Next day: more kilometers on the boring Ruta 3 with no change in landscape. This time we made it to just past Comodoro Rivadavia, not a pretty town surrounded by dry hills of drilling rigs, oil tanks and wind energy farms. This time we found a small Hostel outside of town, with a friendly owner who proudly showed us his bike! It was a small Hostel and later in the day a young couple with their son from Punta Arenas joined us. Together with the husband, who started the “asado” grill in the kitchen, I got a little introduction in how to grill meat on that one. First you grill with coals, the grill is usually waist high and made of bricks, slanted runners funnel the excess fat to the sides to avoid flare ups, and an adjustable height system directs the perfect amount of heat to the meat. This is really a skill you learn only in Argentina.
Anyway, we reached Puerto Piramides on the Valdes Peninsula. We came to see if we can catch a glimpse of either some orcas or the little Magellan Pinguines, which were on the North end of the Peninsula. This time we decided to camp at the municipal Campground of the village. The next day the weather was gloomy with thick clouds and drizzle. There was 80km of dirt road in front of us to get to those animals. We thought we just gave it a shot but turned back, because it was raining heavier and the road was tricky with sand that was covered by gravel and we were slipping and sliding. We had no choice but spending all day in our tent. It was raining and there was nowhere else to go! Next day the dirt road was a muddy affair so we abandoned the whole idea and left. So sad, I would have loved to see them!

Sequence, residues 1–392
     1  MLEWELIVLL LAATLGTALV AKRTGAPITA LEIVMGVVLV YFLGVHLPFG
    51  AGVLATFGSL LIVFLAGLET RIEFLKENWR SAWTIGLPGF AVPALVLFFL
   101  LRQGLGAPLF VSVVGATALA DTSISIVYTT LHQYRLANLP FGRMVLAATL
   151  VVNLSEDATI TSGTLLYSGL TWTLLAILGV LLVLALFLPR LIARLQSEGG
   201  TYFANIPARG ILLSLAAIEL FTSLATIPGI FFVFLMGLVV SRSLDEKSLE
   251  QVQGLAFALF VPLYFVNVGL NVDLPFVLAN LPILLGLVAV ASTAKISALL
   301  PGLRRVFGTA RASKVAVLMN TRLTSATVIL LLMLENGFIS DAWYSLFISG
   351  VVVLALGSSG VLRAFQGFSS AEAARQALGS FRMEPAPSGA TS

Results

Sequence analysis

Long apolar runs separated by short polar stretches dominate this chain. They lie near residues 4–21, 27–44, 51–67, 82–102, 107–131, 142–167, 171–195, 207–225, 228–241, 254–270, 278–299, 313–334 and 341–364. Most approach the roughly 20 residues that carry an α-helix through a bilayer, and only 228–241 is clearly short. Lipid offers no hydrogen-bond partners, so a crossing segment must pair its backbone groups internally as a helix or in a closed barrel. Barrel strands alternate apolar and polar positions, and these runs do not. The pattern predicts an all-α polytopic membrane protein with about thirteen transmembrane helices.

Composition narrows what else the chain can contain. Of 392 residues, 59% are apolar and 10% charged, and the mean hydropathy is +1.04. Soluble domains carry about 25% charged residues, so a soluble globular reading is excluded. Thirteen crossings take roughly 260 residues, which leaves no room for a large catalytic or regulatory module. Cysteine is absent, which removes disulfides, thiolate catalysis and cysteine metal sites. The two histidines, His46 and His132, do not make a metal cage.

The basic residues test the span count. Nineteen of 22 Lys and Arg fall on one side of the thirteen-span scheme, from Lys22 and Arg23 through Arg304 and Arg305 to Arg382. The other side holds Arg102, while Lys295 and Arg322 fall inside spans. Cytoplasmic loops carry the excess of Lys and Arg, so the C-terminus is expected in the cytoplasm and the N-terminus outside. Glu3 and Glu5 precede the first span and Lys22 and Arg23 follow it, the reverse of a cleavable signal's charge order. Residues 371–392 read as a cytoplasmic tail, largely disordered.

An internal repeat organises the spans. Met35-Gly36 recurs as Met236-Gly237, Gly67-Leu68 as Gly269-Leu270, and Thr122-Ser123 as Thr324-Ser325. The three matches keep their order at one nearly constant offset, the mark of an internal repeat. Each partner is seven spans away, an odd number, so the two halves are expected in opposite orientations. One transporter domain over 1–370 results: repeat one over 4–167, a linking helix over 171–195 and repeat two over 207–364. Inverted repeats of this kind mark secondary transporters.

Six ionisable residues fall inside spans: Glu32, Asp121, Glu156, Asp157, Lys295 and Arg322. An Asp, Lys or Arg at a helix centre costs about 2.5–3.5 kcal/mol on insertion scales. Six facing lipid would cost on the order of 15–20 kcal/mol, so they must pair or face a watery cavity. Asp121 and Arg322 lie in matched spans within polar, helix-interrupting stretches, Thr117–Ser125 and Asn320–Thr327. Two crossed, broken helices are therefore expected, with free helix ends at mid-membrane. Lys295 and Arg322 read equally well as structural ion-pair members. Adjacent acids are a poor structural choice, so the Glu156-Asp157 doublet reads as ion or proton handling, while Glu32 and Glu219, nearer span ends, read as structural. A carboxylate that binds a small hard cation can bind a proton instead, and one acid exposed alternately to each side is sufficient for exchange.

So, guess what?? More flatlands and wind was waiting for us! By the end of the day though before we reached the town of Viedma the landscape all of a sudden turned into agricultural land with pastures and big cattle herds and cornfields. Ahh what a nice change! Heinz mentioned that it looked like in Chatham-Kent county! In Viedma it took us a while to find some accommodation and we finally settled for (another!) shitty Hotel with moldy bathroom, damp sheets and… very used mattress! By then we didn’t care too much anymore! Heinz was pretty pissed because after trying to get some money out of the ATM machine it took 5 different banks to finally get some cash. This is really an Argentina thing!! Very annoying!!!